The Life of Abu Bakr – History, Story, and Legacy
As a close and loyal friend of the Prophet Muhammad PBUH, Abu Bakr made an easy transition to Islam. Ultimately, he was made Islam’s caliph although he was not labeled as a prophet, which according to others, had ceased upon the death of Muhammad PBUH.
Throughout his friendship with Muhammad PBUH, Abu Bakr maintained his loyalty no matter what. To get a better idea of his history, let’s go over his life story from start to finish.
Early History of Abu Bakr
Abu Bakr’s story begins when he was born in 573 CE, in Mecca. Abu Bakr is Uthman Abu Quhafa’s son and member of the Quraysh tribe.
His birth name is Abdullah, but his nickname was obtained because of his fascination with camels, which interprets as “father of a camel’s calf”.
Abu bakr was raised in a wealthy family and was provided with a great education. He loved the arts and allowed himself to develop his passion for poetic art.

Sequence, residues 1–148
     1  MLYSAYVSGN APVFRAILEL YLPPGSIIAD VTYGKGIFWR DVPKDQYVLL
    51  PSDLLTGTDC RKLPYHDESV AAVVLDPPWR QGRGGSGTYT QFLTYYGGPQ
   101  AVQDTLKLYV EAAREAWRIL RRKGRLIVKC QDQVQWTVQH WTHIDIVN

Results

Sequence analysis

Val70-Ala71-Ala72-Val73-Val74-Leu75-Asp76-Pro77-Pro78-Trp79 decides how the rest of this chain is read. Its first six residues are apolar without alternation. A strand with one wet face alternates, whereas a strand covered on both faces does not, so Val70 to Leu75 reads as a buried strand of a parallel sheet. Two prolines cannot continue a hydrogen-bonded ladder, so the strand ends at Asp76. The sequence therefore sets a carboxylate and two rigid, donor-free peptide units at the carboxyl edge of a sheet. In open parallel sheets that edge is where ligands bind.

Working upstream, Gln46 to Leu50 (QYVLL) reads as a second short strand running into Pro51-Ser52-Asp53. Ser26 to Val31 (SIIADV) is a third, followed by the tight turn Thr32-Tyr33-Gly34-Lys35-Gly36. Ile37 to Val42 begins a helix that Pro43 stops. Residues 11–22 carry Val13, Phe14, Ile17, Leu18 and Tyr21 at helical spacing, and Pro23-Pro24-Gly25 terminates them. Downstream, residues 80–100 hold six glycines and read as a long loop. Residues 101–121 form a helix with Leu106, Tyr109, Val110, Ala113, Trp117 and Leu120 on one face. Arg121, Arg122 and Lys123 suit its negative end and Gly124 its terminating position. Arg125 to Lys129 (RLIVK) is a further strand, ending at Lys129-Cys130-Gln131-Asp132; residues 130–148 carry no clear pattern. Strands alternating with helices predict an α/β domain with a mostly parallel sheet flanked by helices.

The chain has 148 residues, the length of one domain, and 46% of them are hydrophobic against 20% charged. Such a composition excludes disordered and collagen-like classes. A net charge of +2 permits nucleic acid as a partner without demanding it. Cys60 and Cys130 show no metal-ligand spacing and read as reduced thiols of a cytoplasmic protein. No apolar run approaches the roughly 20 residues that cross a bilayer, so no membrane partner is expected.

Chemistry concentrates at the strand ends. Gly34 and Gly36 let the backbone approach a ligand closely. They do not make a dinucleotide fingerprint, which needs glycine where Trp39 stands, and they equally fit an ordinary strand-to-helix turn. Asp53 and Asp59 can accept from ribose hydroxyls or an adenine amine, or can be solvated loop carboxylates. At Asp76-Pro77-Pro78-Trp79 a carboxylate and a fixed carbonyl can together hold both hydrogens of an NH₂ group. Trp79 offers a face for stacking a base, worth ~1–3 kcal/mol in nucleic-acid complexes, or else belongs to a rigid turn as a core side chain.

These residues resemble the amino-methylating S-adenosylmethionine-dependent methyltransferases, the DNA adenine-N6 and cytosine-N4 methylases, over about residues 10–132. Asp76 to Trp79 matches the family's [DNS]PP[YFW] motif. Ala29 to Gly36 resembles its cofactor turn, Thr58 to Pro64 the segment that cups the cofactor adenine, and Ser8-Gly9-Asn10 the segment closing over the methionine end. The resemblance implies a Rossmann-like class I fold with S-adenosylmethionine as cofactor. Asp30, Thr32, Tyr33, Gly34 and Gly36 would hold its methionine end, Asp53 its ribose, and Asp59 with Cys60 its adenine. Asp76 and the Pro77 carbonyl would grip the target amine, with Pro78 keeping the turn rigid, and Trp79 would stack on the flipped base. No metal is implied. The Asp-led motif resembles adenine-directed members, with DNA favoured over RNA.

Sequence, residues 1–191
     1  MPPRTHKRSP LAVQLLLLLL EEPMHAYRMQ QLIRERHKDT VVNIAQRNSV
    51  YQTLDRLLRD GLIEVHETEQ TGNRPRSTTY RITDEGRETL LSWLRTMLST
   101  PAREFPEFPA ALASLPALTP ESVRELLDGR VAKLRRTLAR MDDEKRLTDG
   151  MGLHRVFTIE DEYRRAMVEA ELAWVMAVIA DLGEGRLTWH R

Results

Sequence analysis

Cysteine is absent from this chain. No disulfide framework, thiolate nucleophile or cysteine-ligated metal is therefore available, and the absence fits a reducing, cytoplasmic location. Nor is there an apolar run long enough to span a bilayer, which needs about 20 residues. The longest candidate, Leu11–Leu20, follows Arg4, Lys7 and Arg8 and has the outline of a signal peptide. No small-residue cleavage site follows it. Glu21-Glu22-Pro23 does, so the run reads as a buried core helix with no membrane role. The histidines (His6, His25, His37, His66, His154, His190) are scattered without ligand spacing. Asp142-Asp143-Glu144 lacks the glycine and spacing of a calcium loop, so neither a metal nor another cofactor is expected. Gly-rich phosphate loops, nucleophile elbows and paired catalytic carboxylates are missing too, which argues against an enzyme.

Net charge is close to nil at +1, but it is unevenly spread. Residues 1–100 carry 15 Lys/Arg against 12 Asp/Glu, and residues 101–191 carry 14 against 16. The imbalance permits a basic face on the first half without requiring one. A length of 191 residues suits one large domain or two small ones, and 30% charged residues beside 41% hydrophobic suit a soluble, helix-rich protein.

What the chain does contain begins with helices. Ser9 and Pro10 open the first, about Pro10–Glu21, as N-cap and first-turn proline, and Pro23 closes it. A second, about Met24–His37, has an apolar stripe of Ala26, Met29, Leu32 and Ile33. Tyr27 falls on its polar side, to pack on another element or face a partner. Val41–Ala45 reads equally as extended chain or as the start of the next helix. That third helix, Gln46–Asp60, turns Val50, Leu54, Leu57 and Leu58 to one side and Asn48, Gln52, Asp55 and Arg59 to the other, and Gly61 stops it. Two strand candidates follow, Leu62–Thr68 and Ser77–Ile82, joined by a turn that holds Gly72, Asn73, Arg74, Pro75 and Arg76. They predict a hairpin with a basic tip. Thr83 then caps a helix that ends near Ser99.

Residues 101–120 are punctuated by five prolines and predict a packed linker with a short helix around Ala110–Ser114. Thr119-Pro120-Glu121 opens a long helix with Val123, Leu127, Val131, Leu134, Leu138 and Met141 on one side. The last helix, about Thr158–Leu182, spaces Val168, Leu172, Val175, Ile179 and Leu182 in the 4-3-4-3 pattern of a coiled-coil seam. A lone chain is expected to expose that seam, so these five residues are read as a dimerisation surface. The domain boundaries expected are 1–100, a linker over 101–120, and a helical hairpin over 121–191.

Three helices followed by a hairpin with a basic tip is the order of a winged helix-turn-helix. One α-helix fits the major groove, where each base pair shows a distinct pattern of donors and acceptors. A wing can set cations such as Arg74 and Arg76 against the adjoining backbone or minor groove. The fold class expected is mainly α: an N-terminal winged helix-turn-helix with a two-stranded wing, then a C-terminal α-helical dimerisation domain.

Abu Bakr Conversion to Islam
Abu Bakr transitioned to Islam shortly after Muhammad PBUH began preaching in 610 CE. It is believed that he was the first man to make the transition.
Abu Bakr was very protective towards Muhammad PBUH in both personal and financial matters and was able to persuade many family and friends to accept the Islam faith.
Due to his strong supportive nature, he was again nicknamed Siddique.
Nevertheless, no matter how much wealth and influence Abu Bakr had, he was not able to prevent Muhammad PBUH or himself from experiencing the atrocities seen among Mecca.